Today, I’d like share the unseen factors that influence our productivity so that something that looks lazy actually gets results?
Productivity enthusiasts fetishize waking up early. Waking up at 7am isn’t enough. You need to wake up at 6, 5 or even 4:30 in the morning.
We all vary in our natural sleeping set-point, so early-rising might be right for some. But for many others it’s forcing us into an unnatural rhythm that naturally leads to less sleep.
Sleeping is the quintessential example of a productive activity that looks lazy. Not only does sleep consolidate memory, enhance cognition and improve your mood, but its absence is disastrous. Failing to get sufficient sleep, many of us believe we’ve “adapted” but the truth is our cognitive performance continues to decline.
Sleeping well leads to working better.
Another consequence of prioritizing the seen over the unseen in our work is that we devalue time spent just thinking. Since its not obvious to outsiders what we’re thinking about, it’s often the case that those staring off into space or “taking a break” are seen as slackers.
In truth, long walks just to think are one of the most productive things you can do. Albert Einstein, in dreaming up the ideas behind general relativity did much of his thinking in long walks. Had he been forced to constantly publish mediocre papers instead, to give the appearance of productivity, our entire understanding of the universe would be impoverished for it.
Watercooler gossip is a tell-tale sign of slacking. Except when it isn’t.
In the Enigma of Reason, researchers Hugo Mercier and Dan Sperber, argue that humans did not evolve to reason well about things in isolation. Our faculties of deduction, logic and insight were developed to win arguments, not to determine the truth.
What this implies, however, is that when you only think about problems on your own, it’s much harder to arrive at the correct solution. Faced with a “sounding board” you leverage your faculties of reason in the way they were designed. As a result, many insights that seem unreachable in isolation are obvious in interaction.
Sleep is important. Particularly so in the night when you can enter deeper phases of sleep that enable memory consolidation.
That being so, our lives don’t always permit perfect sleep. Sometimes we’ll find ourselves struggling to stay awake during work, barely making any progress. In those cases, taking a nap should be seen as a productive hack, not wasteful sloth.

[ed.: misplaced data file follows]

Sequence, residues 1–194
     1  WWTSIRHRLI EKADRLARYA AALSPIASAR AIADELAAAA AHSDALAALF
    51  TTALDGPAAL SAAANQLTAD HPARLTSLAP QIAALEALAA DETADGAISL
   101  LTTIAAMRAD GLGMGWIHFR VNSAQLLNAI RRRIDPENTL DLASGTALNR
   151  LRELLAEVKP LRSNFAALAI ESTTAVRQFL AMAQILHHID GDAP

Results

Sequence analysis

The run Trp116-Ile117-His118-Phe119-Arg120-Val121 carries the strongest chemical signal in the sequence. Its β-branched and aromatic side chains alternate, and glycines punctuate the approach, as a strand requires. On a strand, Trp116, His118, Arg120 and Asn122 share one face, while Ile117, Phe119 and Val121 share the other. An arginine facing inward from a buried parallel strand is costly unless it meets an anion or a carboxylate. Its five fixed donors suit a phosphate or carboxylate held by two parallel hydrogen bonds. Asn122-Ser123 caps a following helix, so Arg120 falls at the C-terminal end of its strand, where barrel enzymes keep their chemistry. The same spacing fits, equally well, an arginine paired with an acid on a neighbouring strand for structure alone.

A difficulty with taking midday naps is that you oversleep and feel groggy after (not to mention wasting time). Thus, if you’re in a position where napping is an option, you can use the spoon trick. This involves napping with a spoon in your hand raised off the ground. When you slip too deeply into sleep, your muscles will relax, the spoon will drop and the clatter will wake you up.
Coffee naps, where you combine a short nap with a pre-nap coffee can also extend your wakefulness. The combination works especially well because adenosine, which makes you feel sleepy, is removed from receptors following a nap, and the freed receptors can then be “plugged” by caffeine, keeping you awake.
“If you want something done, give it to a busy person.” Or, so the old saying goes. I actually think this saying conceals a hidden meaning. Busy people are those who have the hardest time saying no to those who make demands on their time. That’s why they’re busy.
Productivity doesn’t mean doing the most, but getting the most from what you have done.
“If you love what you do, every day is a vacation.” Nice in theory, lousy in practice. Even if you love your job, taking space from the work you do and having your mind elsewhere is essential to break out of the habit patterns that keep you stuck in your work.
Treat travel with the seriousness which most people apply to work. Instead of expecting it to be leisure, see it as an opportunity to expand his knowledge. Travel is not the only way to broaden your mind, but regularly going somewhere new—physically or mentally—is essential to avoid getting stuck in stale habits. Your routines eventually prevent you from discovering creative new solutions. Seeing and discovering new things is essential to prevent becoming inflexible in your thoughts and actions.
It’s sometimes the most diligent and productive who end up accomplishing the least. That’s because their tolerance for drudgery prevents them from quitting on work that’s unrewarding.
Nearly all people who have accomplished something of value did work that was meaningful and enjoyable to them. No, perhaps not all the time or without effort, but grinding for years at fundamentally unsatisfying work is rarely the recipe for greatness.
"To really do work you love, sometimes you need to stop doing work you hate."
Do you have any thoughts on habits or activities that seem lazy but are actually productive? Which would you add to my list? Share your thoughts in the comments!
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